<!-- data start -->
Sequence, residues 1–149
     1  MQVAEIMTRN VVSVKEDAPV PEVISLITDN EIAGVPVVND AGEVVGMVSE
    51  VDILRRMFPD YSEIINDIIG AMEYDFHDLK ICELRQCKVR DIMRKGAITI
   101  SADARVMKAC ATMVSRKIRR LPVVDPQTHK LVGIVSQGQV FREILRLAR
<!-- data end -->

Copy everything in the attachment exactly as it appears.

Sequence, residues 1–149
     1  MQVAEIMTRN VVSVKEDAPV PEVISLITDN EIAGVPVVND AGEVVGMVSE
    51  VDILRRMFPD YSEIINDIIG AMEYDFHDLK ICELRQCKVR DIMRKGAITI
   101  SADARVMKAC ATMVSRKIRR LPVVDPQTHK LVGIVSQGQV FREILRLAR